Porsche will not make diesel cars in the future, the automaker’s Chief Executive Oliver Blume said in an interview with Germany’s Bild am Sonntag newspaper.
Blume said the Stuttgart-based sports carmaker wants to focus on what it’s good at — gasoline (petrol), hybrid and electric vehicles.
Blume’s statement comes months after Porsche stopped taking orders for its diesel variants in February, roughly 10 years after its first diesel car hit the roads.
Porsche is the first major German automaker to withdraw from the diesel market. That said, it never made its own diesel engines, using Audi motors for the few diesels it offered.
Porsche and its parent Volkswagen have seen their image take a beating after VW admitted to rigging diesel cars worldwide to fool emissions checks in a scandal widely known as "Dieselgate."
‘Porsche’s image has suffered’
In May, Germany’s Federal Transport Authority ordered the recall of nearly 60,000 Porsche SUVs in Europe, a third of them in Germany, because of emissions cheating. The recall affected Cayenne and Macan diesel vehicles.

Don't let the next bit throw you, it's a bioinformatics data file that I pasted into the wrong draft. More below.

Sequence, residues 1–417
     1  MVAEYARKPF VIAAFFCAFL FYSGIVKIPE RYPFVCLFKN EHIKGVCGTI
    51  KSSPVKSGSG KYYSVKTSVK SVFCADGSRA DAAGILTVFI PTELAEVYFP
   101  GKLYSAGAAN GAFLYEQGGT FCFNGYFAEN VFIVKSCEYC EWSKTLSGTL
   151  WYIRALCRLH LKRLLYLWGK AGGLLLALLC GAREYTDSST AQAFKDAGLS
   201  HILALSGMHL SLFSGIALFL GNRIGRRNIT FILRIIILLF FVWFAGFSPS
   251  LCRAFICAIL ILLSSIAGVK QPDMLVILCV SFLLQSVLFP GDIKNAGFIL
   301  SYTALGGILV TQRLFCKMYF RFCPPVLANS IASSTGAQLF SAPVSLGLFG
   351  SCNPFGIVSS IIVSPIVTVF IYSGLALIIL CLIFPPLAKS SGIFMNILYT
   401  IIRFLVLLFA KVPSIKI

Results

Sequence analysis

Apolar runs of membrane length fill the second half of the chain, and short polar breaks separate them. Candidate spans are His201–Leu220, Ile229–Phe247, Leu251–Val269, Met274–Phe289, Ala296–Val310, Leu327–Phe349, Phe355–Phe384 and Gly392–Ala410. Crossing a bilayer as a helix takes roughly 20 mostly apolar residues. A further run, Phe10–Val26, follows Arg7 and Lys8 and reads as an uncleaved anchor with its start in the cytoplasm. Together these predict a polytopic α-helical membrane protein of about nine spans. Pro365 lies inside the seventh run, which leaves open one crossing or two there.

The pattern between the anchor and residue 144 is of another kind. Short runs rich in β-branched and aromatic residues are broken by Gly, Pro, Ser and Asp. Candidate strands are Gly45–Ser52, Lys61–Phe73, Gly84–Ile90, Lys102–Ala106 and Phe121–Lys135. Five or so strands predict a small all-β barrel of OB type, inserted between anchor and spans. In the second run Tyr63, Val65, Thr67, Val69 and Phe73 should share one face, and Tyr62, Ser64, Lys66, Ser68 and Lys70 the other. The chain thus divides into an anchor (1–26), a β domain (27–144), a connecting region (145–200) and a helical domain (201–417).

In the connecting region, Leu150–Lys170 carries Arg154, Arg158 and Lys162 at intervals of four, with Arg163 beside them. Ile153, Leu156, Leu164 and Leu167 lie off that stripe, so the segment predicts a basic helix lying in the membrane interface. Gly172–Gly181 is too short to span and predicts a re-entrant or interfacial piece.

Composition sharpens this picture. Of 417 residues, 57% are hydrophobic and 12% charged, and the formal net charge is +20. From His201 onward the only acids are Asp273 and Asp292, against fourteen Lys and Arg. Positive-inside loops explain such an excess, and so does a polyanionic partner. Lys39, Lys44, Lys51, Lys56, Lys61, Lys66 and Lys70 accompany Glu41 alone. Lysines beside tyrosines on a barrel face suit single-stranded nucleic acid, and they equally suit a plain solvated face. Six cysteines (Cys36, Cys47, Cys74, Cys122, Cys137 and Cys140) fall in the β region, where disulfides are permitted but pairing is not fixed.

"We have never developed and produced diesel engines ourselves. Nevertheless, Porsche’s image has suffered. The diesel crisis caused us a lot of trouble," said Blume.
Porsche has recently faced allegations that its executives were aware of the so-called "defeat devices" being used by Audi engines to deliver misleading emissions figures during tests. Soon after the Dieselgate scandal broke out, then-Porsche CEO Matthias Müller was moved up to be the head of parent company VW, replacing the now-indicted Martin Winterkorn. In the mean time, though, Müller has passed the VW baton to Herbert Diess.
‘In future Porsche will be more Porsche’
Blume said the withdrawal was also aimed at sharpening its core sporty brand.
"It is important for us that engines can be driven in a sporty way," Blume told the newspaper. "Petrol engines are well suited for sporty driving. In the future, Porsche will be more Porsche than it was in the past, catering to greater performance and efficiency. The diesel engine is aimed at a different driving experience.
The withdrawal from diesel is not likely to hurt Porsche’s business much, considering only 14 percent its cars run on the fuel worldwide. In Germany, it is 32 percent, significantly lower than rivals BMW and Daimler, according Germany’s Handelsblatt business newspaper.>